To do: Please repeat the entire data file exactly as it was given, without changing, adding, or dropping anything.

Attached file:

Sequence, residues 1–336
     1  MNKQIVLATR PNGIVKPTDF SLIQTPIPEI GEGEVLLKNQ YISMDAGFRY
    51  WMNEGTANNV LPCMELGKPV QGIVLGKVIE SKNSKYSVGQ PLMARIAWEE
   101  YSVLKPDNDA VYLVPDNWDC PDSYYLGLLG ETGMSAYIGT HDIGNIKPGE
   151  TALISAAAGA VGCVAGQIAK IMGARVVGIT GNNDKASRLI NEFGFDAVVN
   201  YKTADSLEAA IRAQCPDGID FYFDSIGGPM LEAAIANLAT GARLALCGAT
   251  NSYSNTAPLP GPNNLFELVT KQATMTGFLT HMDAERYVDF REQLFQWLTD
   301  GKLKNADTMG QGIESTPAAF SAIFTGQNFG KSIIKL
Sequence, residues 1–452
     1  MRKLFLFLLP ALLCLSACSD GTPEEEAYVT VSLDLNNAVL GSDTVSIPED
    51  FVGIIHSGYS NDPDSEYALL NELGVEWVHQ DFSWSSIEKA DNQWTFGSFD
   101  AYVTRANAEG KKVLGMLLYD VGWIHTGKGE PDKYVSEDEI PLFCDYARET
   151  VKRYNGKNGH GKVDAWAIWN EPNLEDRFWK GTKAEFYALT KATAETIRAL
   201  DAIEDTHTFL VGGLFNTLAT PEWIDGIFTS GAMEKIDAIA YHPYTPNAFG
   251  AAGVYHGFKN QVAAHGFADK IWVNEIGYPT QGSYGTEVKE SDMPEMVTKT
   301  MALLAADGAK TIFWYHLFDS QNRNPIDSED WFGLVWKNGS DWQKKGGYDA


Sequence, residues 1–336
     1  MNKQIVLATR PNGIVKPTDF SLIQTPIPEI GEGEVLLKNQ YISMDAGFRY
    51  WMNEGTANNV LPCMELGKPV QGIVLGKVIE SKNSKYSVGQ PLMARIAWEE
   101  YSVLKPDNDA VYLVPDNWDC PDSYYLGLLG ETGMSAYIGT HDIGNIKPGE
   151  TALISAAAGA VGCVAGQIAK IMGARVVGIT GNNDKASRLI NEFGFDAVVN
   201  YKTADSLEAA IRAQCPDGID FYFDSIGGPM LEAAIANLAT GARLALCGAT
   251  NSYSNTAPLP GPNNLFELVT KQATMTGFLT HMDAERYVDF REQLFQWLTD
   301  GKLKNADTMG QGIESTPAAF SAIFTGQNFG KSIIKL
Sequence, residues 1–452
     1  MRKLFLFLLP ALLCLSACSD GTPEEEAYVT VSLDLNNAVL GSDTVSIPED
    51  FVGIIHSGYS NDPDSEYALL NELGVEWVHQ DFSWSSIEKA DNQWTFGSFD
   101  AYVTRANAEG KKVLGMLLYD VGWIHTGKGE PDKYVSEDEI PLFCDYARET
   151  VKRYNGKNGH GKVDAWAIWN EPNLEDRFWK GTKAEFYALT KATAETIRAL
   201  DAIEDTHTFL VGGLFNTLAT PEWIDGIFTS GAMEKIDAIA YHPYTPNAFG
   251  AAGVYHGFKN QVAAHGFADK IWVNEIGYPT QGSYGTEVKE SDMPEMVTKT
   301  MALLAADGAK TIFWYHLFDS QNRNPIDSED WFGLVWKNGS DWQKKGGYDA